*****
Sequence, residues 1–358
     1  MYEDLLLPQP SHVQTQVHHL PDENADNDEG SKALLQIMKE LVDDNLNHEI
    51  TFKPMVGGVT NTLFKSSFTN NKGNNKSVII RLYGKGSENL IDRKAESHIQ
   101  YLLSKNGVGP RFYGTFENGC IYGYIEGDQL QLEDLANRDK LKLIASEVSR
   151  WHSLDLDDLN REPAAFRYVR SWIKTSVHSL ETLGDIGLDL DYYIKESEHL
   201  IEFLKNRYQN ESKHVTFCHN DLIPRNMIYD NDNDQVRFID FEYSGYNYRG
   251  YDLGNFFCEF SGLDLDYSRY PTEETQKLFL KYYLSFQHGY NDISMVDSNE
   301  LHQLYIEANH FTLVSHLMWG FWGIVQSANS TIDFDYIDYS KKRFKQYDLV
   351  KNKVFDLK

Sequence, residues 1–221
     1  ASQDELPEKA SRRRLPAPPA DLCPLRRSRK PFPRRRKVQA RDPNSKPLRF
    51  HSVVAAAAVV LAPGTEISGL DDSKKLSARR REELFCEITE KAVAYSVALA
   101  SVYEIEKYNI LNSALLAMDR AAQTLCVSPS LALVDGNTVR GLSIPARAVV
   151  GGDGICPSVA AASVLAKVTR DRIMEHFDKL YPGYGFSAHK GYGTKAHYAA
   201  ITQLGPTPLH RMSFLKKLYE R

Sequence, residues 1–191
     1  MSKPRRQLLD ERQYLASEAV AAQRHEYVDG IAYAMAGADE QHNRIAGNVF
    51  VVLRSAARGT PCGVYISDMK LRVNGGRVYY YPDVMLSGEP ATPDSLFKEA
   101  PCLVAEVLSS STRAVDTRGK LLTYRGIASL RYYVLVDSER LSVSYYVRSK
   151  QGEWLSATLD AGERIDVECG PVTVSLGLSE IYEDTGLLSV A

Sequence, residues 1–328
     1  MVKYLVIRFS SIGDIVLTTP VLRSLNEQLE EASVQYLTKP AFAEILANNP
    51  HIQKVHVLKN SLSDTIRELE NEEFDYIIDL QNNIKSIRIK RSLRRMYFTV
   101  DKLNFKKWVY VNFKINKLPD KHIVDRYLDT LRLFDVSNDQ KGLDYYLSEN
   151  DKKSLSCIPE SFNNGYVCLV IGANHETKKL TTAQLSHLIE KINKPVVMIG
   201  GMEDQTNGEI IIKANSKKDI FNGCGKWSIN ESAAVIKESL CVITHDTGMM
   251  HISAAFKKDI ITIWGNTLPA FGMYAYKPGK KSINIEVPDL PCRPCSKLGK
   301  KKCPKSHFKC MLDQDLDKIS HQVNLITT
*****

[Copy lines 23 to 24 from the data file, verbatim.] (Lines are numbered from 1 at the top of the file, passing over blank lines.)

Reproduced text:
    51  HIQKVHVLKN SLSDTIRELE NEEFDYIIDL QNNIKSIRIK RSLRRMYFTV
   101  DKLNFKKWVY VNFKINKLPD KHIVDRYLDT LRLFDVSNDQ KGLDYYLSEN